The disrespect in comparisons seems to stem from the complications that arise from adjusting for Coors Field, which usually -as seems to be the case for PECOTA and many other projection systems- seems to amount to taking the Rockies home field out of the equation altogether. Marty Cordova's career OPS is .778. Matt Holliday's career OPS outside of Coors is also .778. Coincidence? I doubt it. This fix of heavily weighing Rockies hitters performance while on the road, while simple, becomes problematic in certain cases and Holliday's an excellent example of that. As a team, Rockies hitters put up a .261/.336/.395 line away from Coors Field last season. Holliday put up a respectable .301/.374/.485. When at home, the team (including Holliday) obviously got better, hitting .292/.372/.480, around a 15% increase in OPS from their road stats. Holliday, however, hit a whopping .376/.435/.722 at Coors, representing an increase of over 33% from his road OPS. For his career, Holliday's improvement at home shows a dramatically large spike compared to what the team or Rockies opponents achieve when visiting Coors. The result will have projections that don't take the variations in Coors Field production by different types of players into account drastically underestimate Holliday's output in half of our games.

PECOTA seems to have fallen as heavily into this flub as any projection system I've seen. The end result is that they project our lineup to be equal in value on the season to Arizona's, which is a laughable premise. Are there other players who might be similarly overlooked? Almost to as much of an extent as with Holliday, Troy Tulowitzki appears to be falling into the same category. One pretty good clue is the dramatically high BABIP (Batting Average of Balls In Play) at Coors these two show, Holliday has a career BABIP of .386 at Coors and Tulo already hits .370 when he puts the ball in play while at home. The significance? BABIP's of .370 or more at Coors Field are more reminiscent of Larry Walker (.375 at Coors for his career) than Vinny Castilla (.330) and a solid indication of the legitimacy of a player's bat. Using Coors BABIP as a guide, the third member of the important trifecta I talked about initially, Todd Helton could also be getting the shaft from projections that aren't looking closely enough.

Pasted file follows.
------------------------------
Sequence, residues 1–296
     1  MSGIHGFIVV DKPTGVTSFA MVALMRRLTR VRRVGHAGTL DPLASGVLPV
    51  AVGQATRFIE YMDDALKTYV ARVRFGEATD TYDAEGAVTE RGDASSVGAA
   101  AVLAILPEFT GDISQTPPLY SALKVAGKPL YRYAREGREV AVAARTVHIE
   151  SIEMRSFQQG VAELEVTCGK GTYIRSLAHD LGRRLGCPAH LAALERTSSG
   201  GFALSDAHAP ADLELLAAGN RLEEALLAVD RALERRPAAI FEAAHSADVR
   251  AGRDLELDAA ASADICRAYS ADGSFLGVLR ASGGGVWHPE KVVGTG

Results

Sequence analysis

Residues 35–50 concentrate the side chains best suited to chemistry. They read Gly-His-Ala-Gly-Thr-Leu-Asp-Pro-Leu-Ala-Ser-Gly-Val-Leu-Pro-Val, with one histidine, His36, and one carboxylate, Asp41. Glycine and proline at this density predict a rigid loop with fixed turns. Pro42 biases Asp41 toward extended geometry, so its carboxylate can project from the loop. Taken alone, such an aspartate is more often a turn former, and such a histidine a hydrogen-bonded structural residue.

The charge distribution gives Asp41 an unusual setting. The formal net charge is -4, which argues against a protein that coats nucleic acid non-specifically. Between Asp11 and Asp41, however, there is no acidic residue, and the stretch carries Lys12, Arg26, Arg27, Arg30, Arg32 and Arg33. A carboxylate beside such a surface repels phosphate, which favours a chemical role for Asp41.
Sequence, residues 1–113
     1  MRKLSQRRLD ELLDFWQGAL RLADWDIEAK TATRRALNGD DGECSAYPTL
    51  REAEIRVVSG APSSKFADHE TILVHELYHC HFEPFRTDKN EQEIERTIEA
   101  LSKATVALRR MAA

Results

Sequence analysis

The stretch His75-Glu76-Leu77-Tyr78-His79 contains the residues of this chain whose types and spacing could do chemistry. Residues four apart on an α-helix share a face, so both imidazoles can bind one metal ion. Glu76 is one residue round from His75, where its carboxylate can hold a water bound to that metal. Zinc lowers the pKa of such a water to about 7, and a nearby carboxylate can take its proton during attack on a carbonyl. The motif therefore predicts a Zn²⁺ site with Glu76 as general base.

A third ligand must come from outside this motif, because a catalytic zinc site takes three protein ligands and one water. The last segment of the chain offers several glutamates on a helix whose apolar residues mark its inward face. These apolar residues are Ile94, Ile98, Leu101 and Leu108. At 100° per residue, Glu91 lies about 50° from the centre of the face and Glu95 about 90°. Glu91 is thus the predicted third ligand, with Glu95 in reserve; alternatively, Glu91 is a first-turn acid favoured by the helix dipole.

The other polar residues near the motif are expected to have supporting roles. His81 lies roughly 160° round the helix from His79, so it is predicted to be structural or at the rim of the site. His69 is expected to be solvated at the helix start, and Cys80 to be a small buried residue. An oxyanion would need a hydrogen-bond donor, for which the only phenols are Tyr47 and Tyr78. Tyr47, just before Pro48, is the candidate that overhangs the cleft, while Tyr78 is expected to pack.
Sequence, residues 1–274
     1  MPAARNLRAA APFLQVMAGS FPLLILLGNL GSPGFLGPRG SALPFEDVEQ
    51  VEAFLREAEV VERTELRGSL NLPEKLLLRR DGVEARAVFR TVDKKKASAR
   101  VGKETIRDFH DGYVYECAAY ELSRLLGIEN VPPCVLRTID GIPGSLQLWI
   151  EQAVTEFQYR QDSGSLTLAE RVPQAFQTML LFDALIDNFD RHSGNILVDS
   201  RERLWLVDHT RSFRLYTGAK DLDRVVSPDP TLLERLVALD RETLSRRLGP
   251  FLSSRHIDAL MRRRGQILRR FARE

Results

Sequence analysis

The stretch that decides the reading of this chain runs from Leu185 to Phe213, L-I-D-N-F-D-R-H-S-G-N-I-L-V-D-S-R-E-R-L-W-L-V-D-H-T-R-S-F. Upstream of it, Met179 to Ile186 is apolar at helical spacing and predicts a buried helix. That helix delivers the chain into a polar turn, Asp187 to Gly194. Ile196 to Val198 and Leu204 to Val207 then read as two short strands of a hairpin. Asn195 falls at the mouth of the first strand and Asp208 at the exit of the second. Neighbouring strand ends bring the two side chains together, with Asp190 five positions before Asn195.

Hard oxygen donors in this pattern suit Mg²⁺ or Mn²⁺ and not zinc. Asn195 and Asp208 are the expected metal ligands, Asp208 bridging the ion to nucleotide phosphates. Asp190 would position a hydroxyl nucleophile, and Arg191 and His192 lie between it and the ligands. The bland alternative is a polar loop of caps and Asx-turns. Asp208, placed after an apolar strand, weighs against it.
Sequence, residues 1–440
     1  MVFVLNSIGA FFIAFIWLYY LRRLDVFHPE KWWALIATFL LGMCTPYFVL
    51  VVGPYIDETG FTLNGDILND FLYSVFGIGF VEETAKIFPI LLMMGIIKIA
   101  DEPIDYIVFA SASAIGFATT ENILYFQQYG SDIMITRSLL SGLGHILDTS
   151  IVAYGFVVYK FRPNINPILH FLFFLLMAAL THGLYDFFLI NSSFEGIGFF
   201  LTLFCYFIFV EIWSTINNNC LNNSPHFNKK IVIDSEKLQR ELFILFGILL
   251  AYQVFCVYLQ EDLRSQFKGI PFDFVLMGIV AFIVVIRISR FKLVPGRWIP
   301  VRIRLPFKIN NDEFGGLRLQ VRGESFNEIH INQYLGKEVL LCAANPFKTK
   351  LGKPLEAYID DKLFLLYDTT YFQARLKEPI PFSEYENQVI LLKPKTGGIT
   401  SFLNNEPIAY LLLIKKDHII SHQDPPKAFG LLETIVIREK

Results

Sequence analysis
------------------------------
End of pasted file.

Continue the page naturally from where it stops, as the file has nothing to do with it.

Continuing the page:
Significant Rockies BABIP's at Coors:

Matt Holliday .386
Andres Gallaraga .378
Larry Walker .375
Troy Tulowitzki .370
Todd Helton .362
Ellis Burks .362
Eric Young .356
Dante Bichette .352
Garrett Atkins .348
Neifi Perez .333
Brad Hawpe .333
Vinny Castilla .330
Yorvit Torrealba .311
Clint Barmes .296

As a side note in researching this post, one effect of the humidor seems to be that it's spread the ranges of BABIP's at Coors, as the team's better hitters put up just about as gaudy stats as they were doing in the pre-humidor days, but lesser hitters aren't getting quite the same benefit anymore.

Alright, I'm just going to put this food for thought up for digestion right now, and I'll probably revisit it later. While what I'm seeing with this makes sense to me, since I'm admittedly not the most mathematically inclined, maybe some of you who are can tell me if I'm barking up the wrong tree, here.